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Hail, O Favored One (Luke 1:26-38)

I think it is interesting that Mary’s first reaction to the angelic visitation is fear. For some reason most people’s first reaction to the Divine is fear. All through Scripture, whenever God appears or an angelic representative of God appears, the first reaction of those who experience the encounter is fear. So the first words typically spoken by God or the angel are, “Do not be afraid.”

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Resource Types: Sermons.

New Era, new god, says Paul Saffo

Saffo discusses how technology, innovations, and population growth create a pressing need for a new god.

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Projecting Power or Promoting Peace: The Prophetic Call for Justice, Kindness, Humility

In times of political and economic, cultural and ecological crisis, Jensen asks us to evaluate the risks we are willing to take to work for social justice and ecological sustainability. He discusses his personal experiences and view points of recent political events and presidential actions. Urging us to listen to our own hearts, he calls us speak our truth to defend against evils of established systems, and practice a balance of passion and humility in order to cope and promote positive change.

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More Than One Way to Collect Deductions

This article informs the reader about several options for tax deductions.

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Resource Types: Articles.

Soul Seeds

Lawton discusses the healing power of being present in the moment.

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Is Downward Dog the Path to Hell?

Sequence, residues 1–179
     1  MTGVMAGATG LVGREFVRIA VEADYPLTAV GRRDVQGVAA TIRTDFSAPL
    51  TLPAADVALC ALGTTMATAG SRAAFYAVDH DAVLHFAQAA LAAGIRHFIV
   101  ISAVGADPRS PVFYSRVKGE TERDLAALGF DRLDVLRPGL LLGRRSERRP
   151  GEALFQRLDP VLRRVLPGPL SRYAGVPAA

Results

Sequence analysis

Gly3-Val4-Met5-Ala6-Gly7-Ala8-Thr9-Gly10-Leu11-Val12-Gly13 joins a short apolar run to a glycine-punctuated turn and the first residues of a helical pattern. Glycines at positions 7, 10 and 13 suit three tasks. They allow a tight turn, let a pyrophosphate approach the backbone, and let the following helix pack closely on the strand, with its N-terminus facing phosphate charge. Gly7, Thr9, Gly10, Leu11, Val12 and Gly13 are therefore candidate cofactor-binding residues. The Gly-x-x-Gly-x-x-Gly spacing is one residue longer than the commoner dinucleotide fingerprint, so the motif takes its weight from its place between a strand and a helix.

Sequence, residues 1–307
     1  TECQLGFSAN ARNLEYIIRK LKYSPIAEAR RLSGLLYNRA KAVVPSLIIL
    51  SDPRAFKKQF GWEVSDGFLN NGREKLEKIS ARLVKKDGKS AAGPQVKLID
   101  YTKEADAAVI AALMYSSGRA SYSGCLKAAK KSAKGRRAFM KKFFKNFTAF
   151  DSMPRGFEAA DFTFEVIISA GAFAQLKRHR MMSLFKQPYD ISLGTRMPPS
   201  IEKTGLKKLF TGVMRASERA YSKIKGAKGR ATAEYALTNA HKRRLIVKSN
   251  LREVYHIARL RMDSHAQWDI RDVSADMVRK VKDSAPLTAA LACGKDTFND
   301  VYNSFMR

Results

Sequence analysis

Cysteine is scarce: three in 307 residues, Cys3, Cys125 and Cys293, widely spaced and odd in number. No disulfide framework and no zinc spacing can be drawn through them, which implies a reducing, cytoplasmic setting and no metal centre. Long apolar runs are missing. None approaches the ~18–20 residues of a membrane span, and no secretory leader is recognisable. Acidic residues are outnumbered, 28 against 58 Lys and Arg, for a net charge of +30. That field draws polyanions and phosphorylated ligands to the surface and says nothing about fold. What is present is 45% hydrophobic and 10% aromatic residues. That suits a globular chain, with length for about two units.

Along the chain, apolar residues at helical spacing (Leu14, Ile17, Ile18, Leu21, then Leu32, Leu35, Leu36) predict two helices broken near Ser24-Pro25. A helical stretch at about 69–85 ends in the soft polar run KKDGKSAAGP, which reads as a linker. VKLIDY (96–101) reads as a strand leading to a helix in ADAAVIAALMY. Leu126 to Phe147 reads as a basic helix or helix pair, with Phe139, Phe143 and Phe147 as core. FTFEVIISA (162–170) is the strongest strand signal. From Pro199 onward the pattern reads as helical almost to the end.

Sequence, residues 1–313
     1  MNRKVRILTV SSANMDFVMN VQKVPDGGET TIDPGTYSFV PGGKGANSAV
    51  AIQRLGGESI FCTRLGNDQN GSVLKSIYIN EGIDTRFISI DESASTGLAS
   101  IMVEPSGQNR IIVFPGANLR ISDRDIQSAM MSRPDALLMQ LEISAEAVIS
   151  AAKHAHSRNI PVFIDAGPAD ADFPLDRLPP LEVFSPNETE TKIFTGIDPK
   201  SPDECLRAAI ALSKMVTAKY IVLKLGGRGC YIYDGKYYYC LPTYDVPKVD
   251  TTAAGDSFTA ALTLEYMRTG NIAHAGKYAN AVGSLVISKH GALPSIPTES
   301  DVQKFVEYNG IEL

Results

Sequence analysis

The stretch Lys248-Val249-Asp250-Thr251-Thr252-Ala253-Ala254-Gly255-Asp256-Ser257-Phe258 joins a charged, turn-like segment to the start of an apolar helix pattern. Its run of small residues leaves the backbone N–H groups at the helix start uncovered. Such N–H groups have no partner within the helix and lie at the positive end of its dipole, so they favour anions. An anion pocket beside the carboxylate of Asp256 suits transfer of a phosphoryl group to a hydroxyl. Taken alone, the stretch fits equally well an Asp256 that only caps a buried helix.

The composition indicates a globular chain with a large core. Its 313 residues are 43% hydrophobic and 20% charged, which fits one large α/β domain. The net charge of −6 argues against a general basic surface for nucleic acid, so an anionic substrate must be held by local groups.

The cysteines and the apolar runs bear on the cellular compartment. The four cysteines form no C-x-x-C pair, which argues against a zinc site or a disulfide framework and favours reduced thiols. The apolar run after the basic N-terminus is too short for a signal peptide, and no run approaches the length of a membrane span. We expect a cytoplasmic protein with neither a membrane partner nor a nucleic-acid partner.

Evangelicals and fundamentalist Hindus come together in their denunciation of yoga

Yoga- a beneficial practice or the work of the devil? The increasing popularity of yoga in the United States has sparked controversy among evangelical Christians and fundamentalist Hindus. In this article, Jain reports the view points of several Christian and Hindu figures, who criticize the practice of yoga in America, and provides counter arguments to the monolithic views on the ancient practice.

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The Jesus Factory

An Adventure Novel of the Spirit that Reveals the Lost Message of the Hidden Apostle. This is the story of one man’s search beyond religious fundamentalism to discover the real meaning of Christ’s message.

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Reading Jesus; A Writers Encounter with the Gospels

In this impassioned and eye-opening book, Gordon takes us through all the fundamental stories—the Prodigal Son, the Temptation in the Desert, the parable of Lazarus, the Agony in the Garden—pondering the intense strangeness of a deity in human form, the unresolved more ambiguities, the problem posed to her as an enlightened reader by the miracle of the Resurrection. What she rediscovers—and reinterprets with her signature candor, intelligence, and straightforwardness—is a rich store of overlapping, sometimes conflicting teachings that feel both familiar and tantalizingly elusive. It is this unsolvable conundrum that rests at the heart of Reading Jesus and with which Gordon keeps us in thrall on every page.

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BE LOVE NOW: The Path of the Heart

Jim Burklo presents a review of the book BE LOVE NOW: The Path of the Heart.

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Thank You, Mr. U: A Thanksgiving Idea

Is it ever too late to say thank you?  Yes, and no.  Here’s an idea for observing the Thanksgiving holiday in a less traditional way this year.

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Coming of Age

1. Eternal Love, your grace we praise Which shapes and comforts all our days, Evolves the world we know. Let worship, symbols come of age To help us read beneath the page And test the status quo! …

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Topics: Devotional, Fiction and Poetry, and Worship & Liturgy. Resource Types: Hymns.

The Manhattan Counters

Americans United for Separation of Church and State have together drafted a point-by-point rebuttal to The Manhattan Declaration, a right-wing Christian manifesto published (with 200+ prominent signatories) last November.  Our MANHATTAN COUNTER-DECLARATION aims at providing clarity on the issues they address, and defending the values they profess to (but fail) protect by means of their document.  We want to launch our Counter-Declaration so that the religious right can get busy responding to good arguments for a change, instead of spending all of their time composing bad ones of their own.  Progressives, moderate Christians, humanists, atheists, and other religious leaders are tired of being on the defensive and are putting forward our own agenda for the future.